roller compacted concrete paving

Saving money while prolonging the life of our roadways 

Work is scheduled to continue through fall 2018 to reconstruct several streets using a material called roller compacted concrete. By utilizing an innovative installation method, we're able to construct roads that last three times longer than traditional asphalt. This means roller compacted concrete can go 20–25 years without maintenance, while asphalt requires resurfacing every 7–10 years. 

By using concrete instead of asphalt, we can better use our limited funding to repair more Roseville streets. Plus, the lighter color means cooler roads on hot days, and brighter roads at night.

View Fox 40's story about the project

Schedule & Locations

Typical work hours are Monday - Friday, 7 a.m. to 5 p.m. Schedules are subject to change based on equipment, weather conditions, or other unforeseen circumstances. 

Please monitor digital message signs for the latest information and allow extra travel time. 

  • Washington Boulevard from Pleasant Grove to just north of Mountain Park Drive
    Crews are finishing surface texturing. After this is complete, medians will be built, utilities raised, and final road striping will be done.  
  • Atkinson Street, between Church Street and Denio Loop

  • Denio Loop

  • Hickory Street, between Church Street and Oakland Avenue
View map.


Stay Informed

Please monitor roadside electronic message boards for updated information about any lane closures or detours. 

Residents adjacent to the work area will receive fliers with details about construction impacts. 

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to email and text message Traffic Alerts. 


Funding

Construction funding comes in part from SB1 gas tax (Senate Bill 1 passed in 2017), existing gas tax, developer-paid traffic mitigation fees, and other local transportation funds. 

Before
Hickory Street with current asphalt surface



Simulated photo of Hickory Street with roller compacted
concrete

 View additional images of roller compacted concrete. 


What is roller compacted concrete?

Roller Compacted Concrete (RCC) is a relatively dry concrete mix that is installed with a paving machine and then rolled, just like asphalt. It is sometimes called “white asphalt”. This installation method keeps construction costs lower than conventional concrete and very competitive with asphalt. RCC can be driven on by the end of the installation day, whereas regular concrete must harden for several days.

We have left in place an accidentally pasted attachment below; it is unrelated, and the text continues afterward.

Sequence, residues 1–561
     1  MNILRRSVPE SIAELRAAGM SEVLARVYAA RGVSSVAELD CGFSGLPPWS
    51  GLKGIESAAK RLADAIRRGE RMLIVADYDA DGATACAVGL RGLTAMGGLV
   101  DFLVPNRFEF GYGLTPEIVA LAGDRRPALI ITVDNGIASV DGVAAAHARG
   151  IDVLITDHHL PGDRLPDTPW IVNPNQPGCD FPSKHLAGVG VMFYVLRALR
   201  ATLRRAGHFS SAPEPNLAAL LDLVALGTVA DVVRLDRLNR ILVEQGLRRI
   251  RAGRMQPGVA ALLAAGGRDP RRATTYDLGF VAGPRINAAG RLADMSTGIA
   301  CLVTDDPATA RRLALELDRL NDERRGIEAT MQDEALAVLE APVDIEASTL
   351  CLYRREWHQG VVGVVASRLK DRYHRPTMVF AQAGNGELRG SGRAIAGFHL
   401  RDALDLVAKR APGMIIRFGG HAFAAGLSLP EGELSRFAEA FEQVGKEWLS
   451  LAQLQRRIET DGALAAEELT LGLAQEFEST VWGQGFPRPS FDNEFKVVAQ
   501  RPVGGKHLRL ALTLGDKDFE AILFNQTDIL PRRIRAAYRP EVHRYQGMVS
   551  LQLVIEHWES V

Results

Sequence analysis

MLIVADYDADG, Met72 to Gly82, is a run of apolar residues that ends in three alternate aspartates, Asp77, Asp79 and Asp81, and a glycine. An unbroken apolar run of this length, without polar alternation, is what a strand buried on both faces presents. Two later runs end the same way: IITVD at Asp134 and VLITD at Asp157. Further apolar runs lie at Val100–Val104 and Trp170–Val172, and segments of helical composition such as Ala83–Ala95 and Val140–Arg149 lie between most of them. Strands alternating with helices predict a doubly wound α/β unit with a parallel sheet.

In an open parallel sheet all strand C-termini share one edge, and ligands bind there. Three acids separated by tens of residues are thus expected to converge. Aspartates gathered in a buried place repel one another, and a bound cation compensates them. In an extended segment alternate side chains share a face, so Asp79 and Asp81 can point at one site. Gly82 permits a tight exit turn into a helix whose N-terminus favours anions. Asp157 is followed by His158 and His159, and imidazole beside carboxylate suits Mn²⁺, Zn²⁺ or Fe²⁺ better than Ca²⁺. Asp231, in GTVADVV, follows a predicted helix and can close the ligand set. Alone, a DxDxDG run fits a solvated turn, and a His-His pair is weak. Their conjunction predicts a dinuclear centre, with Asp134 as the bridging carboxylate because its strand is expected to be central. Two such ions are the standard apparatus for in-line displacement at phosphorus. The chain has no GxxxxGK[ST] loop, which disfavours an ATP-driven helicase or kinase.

RCC can operate for 20 to 25 years without maintenance, while asphalt construction requires resurfacing every 7 to 10 years. If we reconstruct the city's deteriorating roadways with RCC, the funds that would have been used to resurface those roads had they remained asphalt, can now be used to repair the city's remaining asphalt roadways. This will help reduce the roadway maintenance structural deficit.

The benefits of RCC are unique and pleasing aesthetics, reduced maintenance, fewer resurfacing projects impacting your neighborhood, cooler roads during the day, and brighter roads during the night. 

Why are you trying something new?

Maintaining our more than $1 billion roadway infrastructure is a priority. Roseville is using roller compacted concrete because we’re looking for innovative solutions for maintaining streets in a fiscally responsible way. Like other California cities, Roseville does not have enough funding to keep pace with its roadway maintenance schedule. This puts us in the difficult position of prioritizing roadways based on traffic volume, age and cost. Older roads often require more intensive rehabilitation, which is more expensive than routine resurfacing. You can watch a brief video about how Roseville prioritizes road maintenance.

This paving project is funded in part by Senate Bill 1 (SB1) a new gas tax passed by the State Legislature in April 2017. It’s enhancing our ability to maintain our roadways but doesn’t completely close the funding gap. Prior to SB1, Roseville’s roadway maintenance was $50 million underfunded over the next 10 years. SB1 closed about half of the funding gap, lowering our maintenance funding deficit to about $25 million. 

The traditional gas tax is the primary funding source for roadways. Gas tax rates, accrued on a per gallon basis, were developed without an adjustment for inflation, minimizing their purchasing power with every year that passes. Gas tax revenues have also fallen due to more fuel-efficient and electric vehicles. Roseville has identified an average annual ongoing need of $9-10 million per year for road maintenance. The City annually funds $6.5 to $7.5 million per year from Gas Tax, Local Transportation, Utility Impact Reimbursement, SB1, and Federal Regional Surface Transportation program funds, leaving a shortfall of $2.5 million per year, or $25 million over the next 10 years.

Roadway Maintenance Funding

graph of funding

Roadway Maintenance Funding


Roadway Maintenance Funding


Resident outreach

Residents of Hickory Street received information in the mail about the proposed project and a voting ballot. A community meeting was also held on Wednesday, October 28, 2015 to discuss the pilot project with the community and answer questions. Ninety percent of the residents voted in favor of the project.

Community meeting informational flier
 
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Paid for in part by

SB 1 Logo


Have questions? We're here to help.

(916) 746-1300
engineering@roseville.ca.us